Evangelization of Peace: The Radical Life of Father Louis Vitale

“Along the way things get clogged up. If you have children, you constantly have to watch out for them and tell them, ‘Don’t go down that alleyway… don’t do this or that,’” Vitale says. “We should go out with love and care for people as Jesus cares for us.”

hope does not put us to shame

And we boast in the hope of the glory of God.  Not only so, but we also glory in our sufferings, because we know that suffering produces perseverance;  perseverance, character; and character, hope. And hope does not put us to shame, because God’s love has been poured out into our hearts through the Holy Spirit, who has been given to us. – Romans 5:2-5

Today, may I know what I am

Many will Come – Rachel Srubas

(Photo: somewhere on The Airline Road, sometime 2008)

Today, may I walk in right paths, in God’s light. May peace prosper the steps of my family and friends, in city streets and buildings, and among all nations.
Today, may people stream from east and west to converge in God’s neighborhood. May nations labor to dismantle barricades. May our city be a just, peaceable center, united and vibrant. May my friends and relations strive for the good of each other, and may I remember I am neither higher nor lower than a servant.
Today, may east and west meet in my right and left hands, complementing, comprehending one another.
In my body, may north and south correspond, lifting my mind above worry, grounding my feet on the earth.
Today may I know what I am: created, not self-made, instructed to walk and work in God’s ways.
May I hammer old knives into new spoons, old enmities into love.
May I respect the least functional part of myself as surely as Jesus cherishes a paralytic slave and saves him with a word.
May the shriveled and disused part of my heart be bathed in God’s mercy today, that I might see sunlight for what it is: the gaze that beholds and heals us all.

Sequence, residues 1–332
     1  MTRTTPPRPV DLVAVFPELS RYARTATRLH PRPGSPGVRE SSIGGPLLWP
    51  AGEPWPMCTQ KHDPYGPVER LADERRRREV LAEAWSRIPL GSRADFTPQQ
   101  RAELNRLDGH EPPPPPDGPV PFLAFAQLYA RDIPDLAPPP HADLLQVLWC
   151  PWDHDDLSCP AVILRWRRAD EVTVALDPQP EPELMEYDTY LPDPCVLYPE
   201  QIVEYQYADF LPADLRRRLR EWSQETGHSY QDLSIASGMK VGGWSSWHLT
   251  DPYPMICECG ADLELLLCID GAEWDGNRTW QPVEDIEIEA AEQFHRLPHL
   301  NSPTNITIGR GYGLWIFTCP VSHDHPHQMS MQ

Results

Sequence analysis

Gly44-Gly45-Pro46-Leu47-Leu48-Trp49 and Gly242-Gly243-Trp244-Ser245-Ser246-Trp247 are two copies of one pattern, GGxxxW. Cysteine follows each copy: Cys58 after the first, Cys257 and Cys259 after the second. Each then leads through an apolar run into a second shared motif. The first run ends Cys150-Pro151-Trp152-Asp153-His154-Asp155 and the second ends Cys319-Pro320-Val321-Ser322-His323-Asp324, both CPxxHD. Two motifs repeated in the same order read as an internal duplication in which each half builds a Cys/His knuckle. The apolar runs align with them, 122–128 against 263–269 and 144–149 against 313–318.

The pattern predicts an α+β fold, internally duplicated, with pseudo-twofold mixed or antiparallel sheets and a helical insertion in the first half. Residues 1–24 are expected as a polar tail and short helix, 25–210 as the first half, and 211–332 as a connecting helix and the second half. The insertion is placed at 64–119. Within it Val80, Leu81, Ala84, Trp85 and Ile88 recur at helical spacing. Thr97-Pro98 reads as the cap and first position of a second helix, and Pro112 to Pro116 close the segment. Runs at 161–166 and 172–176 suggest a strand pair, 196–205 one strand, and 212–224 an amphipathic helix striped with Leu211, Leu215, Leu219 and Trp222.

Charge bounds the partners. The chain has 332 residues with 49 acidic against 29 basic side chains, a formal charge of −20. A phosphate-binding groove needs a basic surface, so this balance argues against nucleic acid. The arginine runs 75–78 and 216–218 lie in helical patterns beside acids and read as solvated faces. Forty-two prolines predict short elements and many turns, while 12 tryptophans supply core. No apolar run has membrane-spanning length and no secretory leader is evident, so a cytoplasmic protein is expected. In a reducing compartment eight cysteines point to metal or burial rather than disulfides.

In a banquet hall spacious enough for a whole world of nations, may I rest among neighbors and strangers, friends and relations.
May we feast among prophets on food grown in plowed mountain soil, reaped with weapons repurposed as tools.

How little the dying seem to need

Bedside MannersChristopher Wiseman

How little the dying seem to need—
A drink perhaps, a little food,
A smile, a hand to hold, medication,
A change of clothes, an unspoken
Understanding about what’s happening.
You think it would be more, much more,
Something more difficult for us
To help with in this great disruption,
But perhaps it’s because as the huge shape
Rears up higher and darker each hour
They are anxious that we should see it too
And try to show us with a hand-squeeze.

We panic to do more for them,
And especially when it’s your father,
And his eyes are far away, and your tears
Are all down your face and clothes,
And he doesn’t see them now, but smiles
Perhaps, just perhaps because you’re there.
How little he needs. Just love. More Love.

Prayer of Discernment

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(Photo: Crescent Beach, ME. – December 2016)

A Prayer of Discernment
–by Thomas Merton

My Lord God, I have no idea where I am going. I do not see the road ahead of me. I cannot know for certain where it will end. Nor do I really know myself, and the fact that I think that I am following your will does not mean that I actually am doing so. For I believe that the desire to please you does in fact please you, and I hope that I have the desire in all that I am doing. I hope that I will never do anything apart from that desire. And I know that if I do this you will lead me by the right road though I may know nothing about it. Therefore will I trust you always though I may seem to be lost and in the shadows of death. I will not fear, for you will not leave me to face the perils alone. Amen